Additionally, lenders may have more stringent underwriting criteria and require higher down payments for properties with multiple units, as these properties may be considered higher-risk investments.
Be sure to review the requirements of any Rental Property Mortgage you’re considering to ensure you meet the lender’s criteria.
Private Mortgages are a type of mortgage offered by private lenders, which can be individuals, a group of people, a family member, or a business owner.
Private Mortgages are often used by individuals who cannot qualify for traditional or bad credit mortgages from institutional lenders due to factors such as their credit, income, or property.
Private lenders are generally more willing to take on higher-risk borrowers, but this often comes with higher interest rates and less favourable terms. It’s important to note that Private Mortgages are both expensive in the short and long run and should only be considered a last resort.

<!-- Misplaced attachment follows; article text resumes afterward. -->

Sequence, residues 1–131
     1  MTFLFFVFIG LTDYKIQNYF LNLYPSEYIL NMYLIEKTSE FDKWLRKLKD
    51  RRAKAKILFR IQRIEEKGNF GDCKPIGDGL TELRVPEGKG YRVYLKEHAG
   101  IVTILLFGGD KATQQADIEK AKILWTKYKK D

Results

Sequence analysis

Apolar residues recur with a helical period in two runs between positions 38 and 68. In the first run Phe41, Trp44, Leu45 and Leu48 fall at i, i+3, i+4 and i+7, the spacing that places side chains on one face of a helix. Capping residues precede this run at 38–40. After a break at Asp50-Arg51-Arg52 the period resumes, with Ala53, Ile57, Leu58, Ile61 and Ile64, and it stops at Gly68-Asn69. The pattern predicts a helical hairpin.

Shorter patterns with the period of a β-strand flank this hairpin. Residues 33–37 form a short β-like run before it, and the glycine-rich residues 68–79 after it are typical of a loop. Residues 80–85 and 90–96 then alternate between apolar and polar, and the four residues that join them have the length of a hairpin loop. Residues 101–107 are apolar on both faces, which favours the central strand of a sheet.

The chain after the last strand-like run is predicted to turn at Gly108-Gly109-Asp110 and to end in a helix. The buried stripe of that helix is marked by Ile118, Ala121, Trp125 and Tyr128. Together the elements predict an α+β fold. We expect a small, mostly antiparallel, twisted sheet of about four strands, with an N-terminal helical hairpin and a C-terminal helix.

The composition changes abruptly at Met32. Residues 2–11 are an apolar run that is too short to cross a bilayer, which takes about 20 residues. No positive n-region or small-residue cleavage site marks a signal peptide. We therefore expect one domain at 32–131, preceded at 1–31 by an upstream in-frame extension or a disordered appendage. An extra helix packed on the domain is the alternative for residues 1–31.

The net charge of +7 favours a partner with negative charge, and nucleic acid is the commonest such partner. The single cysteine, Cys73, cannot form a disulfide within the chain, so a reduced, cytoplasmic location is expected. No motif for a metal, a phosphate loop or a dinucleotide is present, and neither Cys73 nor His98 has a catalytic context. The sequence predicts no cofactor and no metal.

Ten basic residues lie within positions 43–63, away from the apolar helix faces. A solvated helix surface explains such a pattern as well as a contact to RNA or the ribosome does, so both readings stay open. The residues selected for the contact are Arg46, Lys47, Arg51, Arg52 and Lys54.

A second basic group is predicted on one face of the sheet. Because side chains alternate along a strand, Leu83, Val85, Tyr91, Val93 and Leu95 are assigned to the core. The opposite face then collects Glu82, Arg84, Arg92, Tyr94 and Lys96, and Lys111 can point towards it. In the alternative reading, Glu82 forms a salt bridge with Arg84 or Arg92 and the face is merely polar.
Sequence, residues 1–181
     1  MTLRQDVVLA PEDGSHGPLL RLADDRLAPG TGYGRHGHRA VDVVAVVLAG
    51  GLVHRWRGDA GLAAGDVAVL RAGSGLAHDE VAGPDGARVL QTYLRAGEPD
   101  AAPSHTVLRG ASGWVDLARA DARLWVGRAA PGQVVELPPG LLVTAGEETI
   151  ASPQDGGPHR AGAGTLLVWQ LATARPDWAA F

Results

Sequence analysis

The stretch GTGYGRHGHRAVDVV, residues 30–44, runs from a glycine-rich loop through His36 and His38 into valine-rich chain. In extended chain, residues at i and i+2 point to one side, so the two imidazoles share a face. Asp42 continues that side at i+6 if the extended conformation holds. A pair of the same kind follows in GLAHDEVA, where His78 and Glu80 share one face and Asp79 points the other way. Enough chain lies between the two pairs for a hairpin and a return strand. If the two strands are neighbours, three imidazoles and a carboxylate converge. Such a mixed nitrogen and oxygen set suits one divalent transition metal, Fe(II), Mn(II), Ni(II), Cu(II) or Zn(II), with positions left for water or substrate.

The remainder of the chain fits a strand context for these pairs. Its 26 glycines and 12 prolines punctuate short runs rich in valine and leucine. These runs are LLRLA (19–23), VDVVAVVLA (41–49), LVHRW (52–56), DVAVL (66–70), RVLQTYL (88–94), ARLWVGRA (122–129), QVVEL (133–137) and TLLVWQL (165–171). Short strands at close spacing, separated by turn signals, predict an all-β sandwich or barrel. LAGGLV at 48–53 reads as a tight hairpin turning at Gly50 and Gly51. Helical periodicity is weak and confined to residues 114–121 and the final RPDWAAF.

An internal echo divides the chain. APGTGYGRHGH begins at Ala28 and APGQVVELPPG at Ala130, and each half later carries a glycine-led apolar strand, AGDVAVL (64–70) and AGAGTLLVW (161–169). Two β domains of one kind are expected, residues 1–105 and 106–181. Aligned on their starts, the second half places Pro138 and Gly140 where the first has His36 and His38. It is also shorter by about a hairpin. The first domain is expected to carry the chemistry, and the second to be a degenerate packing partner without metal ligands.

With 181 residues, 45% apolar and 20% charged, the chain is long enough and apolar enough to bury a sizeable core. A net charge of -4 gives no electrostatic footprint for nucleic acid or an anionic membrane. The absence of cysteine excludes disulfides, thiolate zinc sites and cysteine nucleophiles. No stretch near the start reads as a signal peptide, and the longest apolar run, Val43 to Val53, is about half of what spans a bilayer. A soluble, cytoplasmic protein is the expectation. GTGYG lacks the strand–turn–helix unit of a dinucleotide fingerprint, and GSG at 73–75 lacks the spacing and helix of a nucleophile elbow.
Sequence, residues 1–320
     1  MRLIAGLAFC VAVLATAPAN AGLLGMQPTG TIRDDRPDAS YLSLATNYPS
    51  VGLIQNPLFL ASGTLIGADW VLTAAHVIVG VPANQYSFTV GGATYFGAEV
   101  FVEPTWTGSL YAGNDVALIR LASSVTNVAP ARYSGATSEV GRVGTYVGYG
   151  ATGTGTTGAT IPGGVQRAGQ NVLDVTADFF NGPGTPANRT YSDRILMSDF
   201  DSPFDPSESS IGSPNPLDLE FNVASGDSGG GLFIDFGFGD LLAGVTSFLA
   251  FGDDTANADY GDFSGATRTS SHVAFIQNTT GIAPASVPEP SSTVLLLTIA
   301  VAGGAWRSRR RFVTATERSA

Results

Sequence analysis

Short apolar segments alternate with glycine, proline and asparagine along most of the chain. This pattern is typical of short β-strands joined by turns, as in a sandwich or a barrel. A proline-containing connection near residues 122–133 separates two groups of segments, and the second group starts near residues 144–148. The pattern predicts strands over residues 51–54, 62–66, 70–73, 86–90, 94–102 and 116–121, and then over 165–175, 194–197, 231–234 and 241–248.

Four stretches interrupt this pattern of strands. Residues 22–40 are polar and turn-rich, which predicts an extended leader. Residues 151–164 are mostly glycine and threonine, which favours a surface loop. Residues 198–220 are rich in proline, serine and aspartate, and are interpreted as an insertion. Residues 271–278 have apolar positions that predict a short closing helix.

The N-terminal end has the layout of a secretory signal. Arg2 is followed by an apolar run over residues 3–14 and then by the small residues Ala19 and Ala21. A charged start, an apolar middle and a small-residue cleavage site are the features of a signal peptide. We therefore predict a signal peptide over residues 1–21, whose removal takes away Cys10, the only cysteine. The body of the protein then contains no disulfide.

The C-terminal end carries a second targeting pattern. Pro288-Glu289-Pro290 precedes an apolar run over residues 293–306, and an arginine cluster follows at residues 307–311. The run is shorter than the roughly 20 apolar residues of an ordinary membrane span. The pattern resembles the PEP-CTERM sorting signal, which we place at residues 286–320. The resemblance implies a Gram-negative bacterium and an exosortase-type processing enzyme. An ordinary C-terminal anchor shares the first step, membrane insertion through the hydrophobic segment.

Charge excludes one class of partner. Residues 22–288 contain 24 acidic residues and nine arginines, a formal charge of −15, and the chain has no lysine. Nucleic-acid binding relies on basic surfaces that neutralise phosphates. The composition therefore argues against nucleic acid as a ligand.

They come with higher interest rates, high lender and broker fees, and overall high closing costs compared to traditional mortgages from a bank or credit union. As a borrower, it’s essential to carefully consider all your options before deciding on a Private Mortgage.
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In conclusion, the options for house and mortgage financing in Canada are diverse and offer a range of benefits for different types of borrowers.
Whether you’re looking for a low down payment, a fixed interest rate, or a way to access the equity in your home, there’s a financing option to meet your needs.
It’s essential to take the time to understand the different types of financing available and to carefully consider the terms and conditions of each before making a decision. With the right financing, you’ll be well on your way to becoming a proud homeowner in Canada.